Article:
Xiong went on to study biology at Fudan University, just as China was beginning to reopen to contact with the West. There was, slowly, greater interaction between scientists in the United States and China. Xiong began graduate studies at the Chinese Academy of Science in a lab under the direction of San-Chiun Shen, who had studied at Caltech and been involved in the “golden age” of molecular biology in the United States before returning to China in the early 1950s.
“He was almost prohibited from coming back, [but] he loves his country and he really wanted to do some science,” said Xiong. “He made some key contributions to the early molecular genetics in China, no matter how small an operation there was in the whole country. That’s [what] got me attracted in the first place.”
Few in Xiong’s cohort were thinking about molecular biology at the time. “I have to attribute some of that kind of thinking or conviction to the outside-of-classroom reading I’d been doing,” said Xiong.
When given an opportunity to finish his doctorate in the United States through the China–United States Biochemistry Examination and Application (CUSBEA) program, Xiong leapt at the chance. CUSBEA was started by Ray Wu, a Chinese American professor at Cornell University. Wu created the program to assist Chinese students who, at the time, did not have access to entrance exams and other resources needed to pursue advanced scientific training at American universities. The first cohort of students began studying in the United States in 1982, and the program continued through 1989. More than 400 Chinese students were placed in graduate programs at more than 90 U.S. colleges through the CUSBEA program.
The United States, Xiong hoped, would bring opportunity—a break from the violence and upheaval that had so marked his early life in China.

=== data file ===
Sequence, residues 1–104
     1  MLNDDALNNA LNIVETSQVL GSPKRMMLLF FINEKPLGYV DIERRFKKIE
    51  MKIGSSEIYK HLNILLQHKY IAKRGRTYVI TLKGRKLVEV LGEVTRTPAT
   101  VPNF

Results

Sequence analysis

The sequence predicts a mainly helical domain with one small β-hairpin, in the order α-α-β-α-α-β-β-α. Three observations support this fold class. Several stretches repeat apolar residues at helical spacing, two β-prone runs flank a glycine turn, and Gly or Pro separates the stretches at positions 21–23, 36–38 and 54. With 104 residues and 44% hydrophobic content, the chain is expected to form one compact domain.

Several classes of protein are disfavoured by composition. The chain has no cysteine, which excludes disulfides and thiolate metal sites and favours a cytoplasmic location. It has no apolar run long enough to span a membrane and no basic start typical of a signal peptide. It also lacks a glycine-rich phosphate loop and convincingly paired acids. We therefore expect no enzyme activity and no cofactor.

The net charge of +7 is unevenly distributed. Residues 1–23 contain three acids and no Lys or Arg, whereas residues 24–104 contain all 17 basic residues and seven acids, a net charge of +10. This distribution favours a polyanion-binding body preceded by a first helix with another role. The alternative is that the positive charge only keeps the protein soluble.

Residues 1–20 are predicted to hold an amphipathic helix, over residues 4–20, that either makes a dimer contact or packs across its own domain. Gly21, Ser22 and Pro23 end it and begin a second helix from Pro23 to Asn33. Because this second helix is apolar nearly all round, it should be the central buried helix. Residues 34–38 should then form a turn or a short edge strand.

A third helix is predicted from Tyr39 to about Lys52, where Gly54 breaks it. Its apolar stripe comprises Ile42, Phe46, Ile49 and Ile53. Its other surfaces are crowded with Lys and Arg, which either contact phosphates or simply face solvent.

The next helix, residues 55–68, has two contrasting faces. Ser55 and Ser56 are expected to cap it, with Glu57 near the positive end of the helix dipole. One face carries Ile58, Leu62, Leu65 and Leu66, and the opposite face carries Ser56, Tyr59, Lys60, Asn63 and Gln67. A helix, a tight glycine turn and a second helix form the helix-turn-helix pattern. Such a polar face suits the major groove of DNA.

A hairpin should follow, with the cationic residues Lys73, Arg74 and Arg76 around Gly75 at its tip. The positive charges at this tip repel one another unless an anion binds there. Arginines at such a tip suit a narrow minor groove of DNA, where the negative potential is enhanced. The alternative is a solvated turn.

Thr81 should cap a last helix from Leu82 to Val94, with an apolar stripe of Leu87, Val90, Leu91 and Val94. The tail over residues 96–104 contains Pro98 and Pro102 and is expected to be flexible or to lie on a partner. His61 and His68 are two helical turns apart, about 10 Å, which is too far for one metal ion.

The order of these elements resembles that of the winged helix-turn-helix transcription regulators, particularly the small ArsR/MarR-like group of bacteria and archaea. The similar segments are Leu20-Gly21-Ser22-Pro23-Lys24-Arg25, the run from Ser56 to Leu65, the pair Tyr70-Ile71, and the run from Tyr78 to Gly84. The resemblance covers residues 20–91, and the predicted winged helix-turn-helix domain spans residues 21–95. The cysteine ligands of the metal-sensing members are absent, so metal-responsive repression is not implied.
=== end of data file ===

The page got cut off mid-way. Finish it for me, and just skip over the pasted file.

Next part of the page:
The flight from Nanchang to New York took 30-some hours. After dinner the aircrew dimmed the cabin lights and put on a recent American blockbuster: the story of a traumatized U.S. veteran who returns from the Vietnam War only to endure continual harassment from the authorities—First Blood. It was the first American movie he’d ever seen. “You don’t know what to expect,” Xiong said, steeling himself for a Rambo-like entrance into the United States.
Despite this somewhat ominous introduction, Xiong loved the United States. His arrival in New York City was overwhelming, but he found the quiet upstate at the University of Rochester more comfortable. He bonded with others in his CUSBEA cohort, particularly a fellow student named Qing Yang.
Initially, he “couldn’t even find where the sodium chloride was on the shelf.” The language barrier was one obstacle, but the more pressing issue was his growing attraction to Qing Yang.
“We fell in love very hard,” said Xiong. “So I could hardly concentrate. My first rotation in the lab, I didn’t get anything done.”
But then Xiong forced his way into an advanced gene expression class, which, in turn, forced him to read academic papers in English and tackle rigorous coursework. By his second rotation, he and his soon-to-be wife “start[ed] calming down somewhat,” and Xiong began to excel. His department began to joke that he was a magician with pipettes.
Xiong went on to complete a postdoctoral year at Cold Spring Harbor Laboratory in New York and eventually became a prominent cancer researcher and joined the faculty at the University of North Carolina at Chapel Hill, where he became the William R. Kenan Jr. Distinguished Professor in biochemistry and biophysics.
To hear Yue Xiong’s experiences in his own words and learn about his contributions to cancer and DNA research, visit the Science History Institute Digital Collections.
Xiong’s oral history is part of the Institute’s Oral Histories of Immigration and Innovation project, which makes freely accessible and searchable the oral histories of 70 immigrant scientists. This project is supported by a grant from the National Historical Publications and Records Commission.